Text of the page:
Pregnant, Starving Orangutan Finds Shelter On The Last Remaining Tree As Bulldozers Destroy Her Rainforest Home

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As rainforests around the globe continue to be destroyed by human societies seeking profits in the lush jungle, wild animal populations that have lived there since time immemorial have seen themselves displaced, often with nowhere to go.

Pregnant, Starving Orangutan Finds Shelter On The Last Remaining Tree As Bulldozers Destroy Her Rainforest Home

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As rainforests around the globe continue to be destroyed by human societies seeking profits in the lush jungle, wild animal populations that have lived there since time immemorial have seen themselves displaced, often with nowhere to go.


In Borneo, an island in Malay Archipelago, Southeast Asia, animal rescue workers captured the tragic moment when a heavily pregnant orangutan clung to one of the last trees standing in her formerly pristine rainforest home—right up to the heartbreaking moment when massive bulldozers destroyed what was left of it.


The orangutan was so weakened and traumatized that she could not imagine leaving the tree trunk where she found shelter as heavy machinery ripped apart what used to be her house.


As a result, Boon-Mee was unable to forage for food to feed herself or her unborn baby, which means she had nothing to look forward to besides death by starvation.


All over Indonesia, palm oil plantations have laid waste to what used to be the homes of orangutans like Boon-Mee, rendering the primates homeless in their formerly lush, rich homes in places such as Borneo and Sumatra.


Each year, apes face slaughter at the hands of humans in the big agriculture industry, either by gun or machete. Such trends are reflected in new figures demonstrating that the orangutan population falls by up to 25 per day.


A century ago there were more than 230,000 orangutans in Southeast Asia, according to the World Wildlife Fund. That number, though, has plummeted to 41,000 in Borneo and only 7,500 in Sumatra—the only two places in the world where they can be found.


An IAR team backed by local forest officials arrived after many hours of journeying through a still-smoldering forest which had just been freshly burned. When they finally arrived, they were surprised to find not only Boon-Mee but also three other orangutans.


Among the three was Charanya, another mother that had just delivered her baby and was desperate to find food. Kalaya too had just had a baby, and was lactating and semi-conscious—which led the IAR workers to think her baby had either died or was kidnapped to be somebody’s pet.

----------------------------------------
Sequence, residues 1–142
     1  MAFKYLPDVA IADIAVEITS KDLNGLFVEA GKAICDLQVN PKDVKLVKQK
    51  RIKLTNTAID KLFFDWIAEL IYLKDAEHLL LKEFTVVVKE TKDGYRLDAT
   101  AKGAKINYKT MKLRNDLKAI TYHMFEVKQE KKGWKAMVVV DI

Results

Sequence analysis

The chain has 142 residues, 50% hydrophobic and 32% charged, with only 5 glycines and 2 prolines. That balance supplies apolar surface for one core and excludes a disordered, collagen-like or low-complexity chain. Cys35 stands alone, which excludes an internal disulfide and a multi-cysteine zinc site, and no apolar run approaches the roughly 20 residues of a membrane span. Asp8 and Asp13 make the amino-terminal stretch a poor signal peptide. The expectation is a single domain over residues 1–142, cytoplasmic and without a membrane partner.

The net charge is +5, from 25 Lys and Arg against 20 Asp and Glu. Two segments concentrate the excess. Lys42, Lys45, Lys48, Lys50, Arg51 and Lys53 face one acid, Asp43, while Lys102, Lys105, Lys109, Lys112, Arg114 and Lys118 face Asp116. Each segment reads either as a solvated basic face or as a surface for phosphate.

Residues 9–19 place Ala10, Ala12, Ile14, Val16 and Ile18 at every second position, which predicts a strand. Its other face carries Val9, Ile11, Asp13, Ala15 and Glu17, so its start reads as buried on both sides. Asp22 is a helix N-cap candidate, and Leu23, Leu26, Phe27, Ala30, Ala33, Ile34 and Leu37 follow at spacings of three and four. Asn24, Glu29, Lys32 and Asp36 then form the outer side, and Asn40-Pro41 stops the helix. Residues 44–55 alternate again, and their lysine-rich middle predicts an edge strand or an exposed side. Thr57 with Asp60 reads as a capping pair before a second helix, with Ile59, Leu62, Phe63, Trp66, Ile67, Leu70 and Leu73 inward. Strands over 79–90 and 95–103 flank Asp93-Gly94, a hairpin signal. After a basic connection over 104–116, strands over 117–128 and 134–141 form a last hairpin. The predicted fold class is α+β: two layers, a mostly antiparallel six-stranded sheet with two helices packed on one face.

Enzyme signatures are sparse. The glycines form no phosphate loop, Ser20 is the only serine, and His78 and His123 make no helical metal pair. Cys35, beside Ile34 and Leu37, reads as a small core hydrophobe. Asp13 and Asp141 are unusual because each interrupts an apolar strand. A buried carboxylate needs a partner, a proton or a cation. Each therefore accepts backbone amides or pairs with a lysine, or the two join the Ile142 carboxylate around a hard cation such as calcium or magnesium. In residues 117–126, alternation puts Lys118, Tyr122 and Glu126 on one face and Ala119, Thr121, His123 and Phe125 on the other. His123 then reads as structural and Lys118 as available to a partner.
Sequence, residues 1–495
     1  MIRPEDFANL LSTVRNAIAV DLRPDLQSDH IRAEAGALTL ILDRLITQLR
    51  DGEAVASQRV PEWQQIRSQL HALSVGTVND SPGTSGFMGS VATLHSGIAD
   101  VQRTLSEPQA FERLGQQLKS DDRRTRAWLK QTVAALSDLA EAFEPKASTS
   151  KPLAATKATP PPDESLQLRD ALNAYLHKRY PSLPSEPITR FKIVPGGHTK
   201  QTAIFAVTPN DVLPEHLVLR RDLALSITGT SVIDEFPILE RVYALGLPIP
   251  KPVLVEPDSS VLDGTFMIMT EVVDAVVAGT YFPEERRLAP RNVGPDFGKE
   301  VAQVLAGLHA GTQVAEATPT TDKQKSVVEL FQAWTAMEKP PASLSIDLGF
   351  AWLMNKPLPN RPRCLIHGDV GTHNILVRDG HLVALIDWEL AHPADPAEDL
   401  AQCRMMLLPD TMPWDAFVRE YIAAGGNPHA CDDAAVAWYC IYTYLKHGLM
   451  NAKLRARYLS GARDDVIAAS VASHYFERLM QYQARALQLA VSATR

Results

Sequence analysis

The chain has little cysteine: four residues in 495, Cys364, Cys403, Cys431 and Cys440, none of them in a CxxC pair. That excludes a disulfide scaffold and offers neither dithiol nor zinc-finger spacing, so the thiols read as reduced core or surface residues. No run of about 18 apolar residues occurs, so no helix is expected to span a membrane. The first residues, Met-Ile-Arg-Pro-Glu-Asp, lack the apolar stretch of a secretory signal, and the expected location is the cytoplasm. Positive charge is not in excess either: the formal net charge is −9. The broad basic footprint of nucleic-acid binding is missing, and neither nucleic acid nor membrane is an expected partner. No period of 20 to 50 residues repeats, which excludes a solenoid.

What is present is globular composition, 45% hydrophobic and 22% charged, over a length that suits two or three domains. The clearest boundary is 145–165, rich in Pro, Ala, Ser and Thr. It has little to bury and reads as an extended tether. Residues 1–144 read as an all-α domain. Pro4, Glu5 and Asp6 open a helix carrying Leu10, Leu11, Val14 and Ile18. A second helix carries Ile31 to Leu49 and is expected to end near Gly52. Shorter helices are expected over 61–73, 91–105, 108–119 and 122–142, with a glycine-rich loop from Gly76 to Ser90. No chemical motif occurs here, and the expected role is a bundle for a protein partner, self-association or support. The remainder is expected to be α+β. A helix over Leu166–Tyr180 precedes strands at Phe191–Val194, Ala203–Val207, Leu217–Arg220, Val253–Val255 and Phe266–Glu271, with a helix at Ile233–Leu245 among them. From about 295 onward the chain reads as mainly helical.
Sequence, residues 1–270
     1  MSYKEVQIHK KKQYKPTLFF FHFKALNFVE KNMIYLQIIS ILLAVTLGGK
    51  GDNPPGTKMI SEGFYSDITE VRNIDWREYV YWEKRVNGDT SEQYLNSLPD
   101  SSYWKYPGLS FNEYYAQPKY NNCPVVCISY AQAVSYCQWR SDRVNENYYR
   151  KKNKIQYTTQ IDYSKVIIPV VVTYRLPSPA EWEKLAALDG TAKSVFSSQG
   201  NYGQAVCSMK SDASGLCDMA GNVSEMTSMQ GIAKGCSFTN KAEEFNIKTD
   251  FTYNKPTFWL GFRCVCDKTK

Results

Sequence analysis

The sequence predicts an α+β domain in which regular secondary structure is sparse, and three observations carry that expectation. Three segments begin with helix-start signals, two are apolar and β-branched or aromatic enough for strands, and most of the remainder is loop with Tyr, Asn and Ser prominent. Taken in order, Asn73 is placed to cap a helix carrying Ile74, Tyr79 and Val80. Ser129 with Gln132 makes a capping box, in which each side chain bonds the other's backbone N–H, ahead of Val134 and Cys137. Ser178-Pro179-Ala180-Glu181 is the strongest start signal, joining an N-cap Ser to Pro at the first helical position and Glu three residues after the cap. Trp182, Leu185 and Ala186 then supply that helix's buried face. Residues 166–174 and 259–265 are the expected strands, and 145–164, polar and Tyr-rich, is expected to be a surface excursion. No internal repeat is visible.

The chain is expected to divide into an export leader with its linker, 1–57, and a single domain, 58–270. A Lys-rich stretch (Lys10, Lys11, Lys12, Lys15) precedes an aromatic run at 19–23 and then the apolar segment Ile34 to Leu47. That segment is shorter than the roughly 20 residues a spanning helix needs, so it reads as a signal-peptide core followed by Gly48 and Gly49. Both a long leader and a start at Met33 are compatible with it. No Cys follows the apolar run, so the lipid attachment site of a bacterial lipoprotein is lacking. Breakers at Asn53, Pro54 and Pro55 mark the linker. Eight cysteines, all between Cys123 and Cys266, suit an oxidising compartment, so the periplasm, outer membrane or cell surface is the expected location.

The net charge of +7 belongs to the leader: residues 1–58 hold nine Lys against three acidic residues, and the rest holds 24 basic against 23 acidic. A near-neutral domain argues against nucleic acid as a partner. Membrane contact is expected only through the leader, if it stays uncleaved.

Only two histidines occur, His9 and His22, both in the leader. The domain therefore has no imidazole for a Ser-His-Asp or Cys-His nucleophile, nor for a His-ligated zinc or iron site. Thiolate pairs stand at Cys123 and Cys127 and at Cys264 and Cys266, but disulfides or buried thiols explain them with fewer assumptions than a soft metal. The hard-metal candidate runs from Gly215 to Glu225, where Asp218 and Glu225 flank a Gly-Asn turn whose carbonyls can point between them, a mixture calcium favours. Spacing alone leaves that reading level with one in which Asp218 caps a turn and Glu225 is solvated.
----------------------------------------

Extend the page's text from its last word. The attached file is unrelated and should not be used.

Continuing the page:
Boon-Mee was still alive, but only barely—and was surviving on only tree bark, thus making her too weak to climb down the tree. Rescuers had to eventually shoot her with a tranquilizer before catching her in a net.


According to The Mind Unleashed, palm oil is a vegetable oil extracted from the fruits and seeds of the oil palm—also known as the African palm. It’s a common additive on supermarket shelves around the world.


Oil extracted from the fruit of the palm is used in foods like instant noodles, yogurt, ice cream, and wine, but also in biofuel and various household products including shampoo, laundry detergents, and cosmetic goods like lipstick.


About 66 million tons of palm oil are produced every year, driving a trend that’s seen forests burned, and land robbed to make room for plantations, contributing significantly to global deforestation and the displacement of rural human populations, as well as local animal species endemic to the region.


Palm oil production has primarily driven orangutans to the brink of extinction, with the species now classified as critically endangered. Bornean orangutan populations have fallen by over half between 1999 and 2015.


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Thinking Humanity: Pregnant, Starving Orangutan Finds Shelter On The Last Remaining Tree As Bulldozers Destroy Her Rainforest Home
Pregnant, Starving Orangutan Finds Shelter On The Last Remaining Tree As Bulldozers Destroy Her Rainforest Home
As rainforests around the globe continue to be destroyed by human societies seeking profits in the lush jungle, wild animal populations that have lived there since time immemorial have seen themselves displaced, often with nowhere to go.
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